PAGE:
FAYETTE, JOHN SYKES (1810? - 27 Feb 1876) was an educator, minister, abolitionist, and the first-known AFRICAN-AMERICAN graduate of WESTERN RESERVE COLLEGE (now CWRU). Born some time around 1810, his background is unclear; he was later described as a “well educated mulatto”, but whether this referred to biracial parentage, or the older ‘mixed’ ancestry common within African Americans, is not clarified. In either case, by 1832, he was a member at Laight Street PRESBYTERIAN Church in New York City, under the Reverend Samuel H. Cox. That year, Cox recommended Fayette, a “young man (of colour) whose principles appear fixed” to Western Reserve College; he was accepted. He graduated in the class of 1836, making him the first-known African American graduate from the institution, and one of the known African American college graduates.

After finishing his degree, Fayette remained in Hudson, Ohio, where he studied theology until 1837. He married Emily Preston, a White woman, and befriended radical abolitionists John and Owen Brown. In 1839, Fayette moved to what is now Kitchener, Ontario, Canada, and tried to found a school the next year. The Wellington Institute, as it was called, was a private establishment charging $2 per student plus a personal fee for heating (a ‘moderate’ fee for the time). Though it was the first in the area to give formal grammar lessons, it did not last for more than two years, and Fayette went into debt. The school’s fees were too expensive for most working-class locals, especially with an available public option. Fayette left his creditors unpaid and began traveling to other parts of Canada. He worked in Hamilton, Ontario, as a minister and school superintendent, and died in London, Ontario, in 1876.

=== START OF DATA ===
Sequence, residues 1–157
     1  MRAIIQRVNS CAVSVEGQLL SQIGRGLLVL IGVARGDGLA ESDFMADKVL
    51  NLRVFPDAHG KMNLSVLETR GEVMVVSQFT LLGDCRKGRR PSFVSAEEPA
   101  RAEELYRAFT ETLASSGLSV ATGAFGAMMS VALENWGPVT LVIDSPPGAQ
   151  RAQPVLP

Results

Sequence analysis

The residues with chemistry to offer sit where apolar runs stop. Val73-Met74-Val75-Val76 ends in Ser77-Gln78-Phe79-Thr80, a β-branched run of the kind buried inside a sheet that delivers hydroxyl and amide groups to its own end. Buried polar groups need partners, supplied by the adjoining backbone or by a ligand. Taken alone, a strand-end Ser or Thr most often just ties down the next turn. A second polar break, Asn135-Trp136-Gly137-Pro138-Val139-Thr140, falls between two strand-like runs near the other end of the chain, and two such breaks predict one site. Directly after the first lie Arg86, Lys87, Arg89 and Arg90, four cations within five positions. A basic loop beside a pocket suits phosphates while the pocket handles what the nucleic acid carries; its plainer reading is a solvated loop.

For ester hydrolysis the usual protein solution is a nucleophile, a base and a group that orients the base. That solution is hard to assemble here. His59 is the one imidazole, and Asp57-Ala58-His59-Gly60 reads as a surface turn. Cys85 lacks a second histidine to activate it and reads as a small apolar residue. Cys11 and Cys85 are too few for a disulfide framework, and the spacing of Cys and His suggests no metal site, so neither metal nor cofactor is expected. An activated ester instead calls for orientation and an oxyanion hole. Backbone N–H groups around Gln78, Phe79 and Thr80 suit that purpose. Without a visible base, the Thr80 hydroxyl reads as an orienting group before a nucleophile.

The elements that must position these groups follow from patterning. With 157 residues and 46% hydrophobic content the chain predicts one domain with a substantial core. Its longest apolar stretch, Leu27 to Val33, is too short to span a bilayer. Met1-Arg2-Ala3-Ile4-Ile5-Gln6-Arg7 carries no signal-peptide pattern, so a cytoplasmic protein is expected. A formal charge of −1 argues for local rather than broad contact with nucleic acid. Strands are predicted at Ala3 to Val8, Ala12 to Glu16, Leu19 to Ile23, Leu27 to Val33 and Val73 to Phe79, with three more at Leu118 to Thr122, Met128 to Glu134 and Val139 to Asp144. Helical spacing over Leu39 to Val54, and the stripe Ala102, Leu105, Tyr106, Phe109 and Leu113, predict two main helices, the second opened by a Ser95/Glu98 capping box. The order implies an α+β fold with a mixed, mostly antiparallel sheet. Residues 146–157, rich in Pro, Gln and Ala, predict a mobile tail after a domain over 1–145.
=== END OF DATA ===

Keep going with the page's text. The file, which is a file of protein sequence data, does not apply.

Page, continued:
John Sykes Fayette, first Black WRU Grad, & Wife. Digital.case.edu "John Sykes Fayette".


Justin Evans


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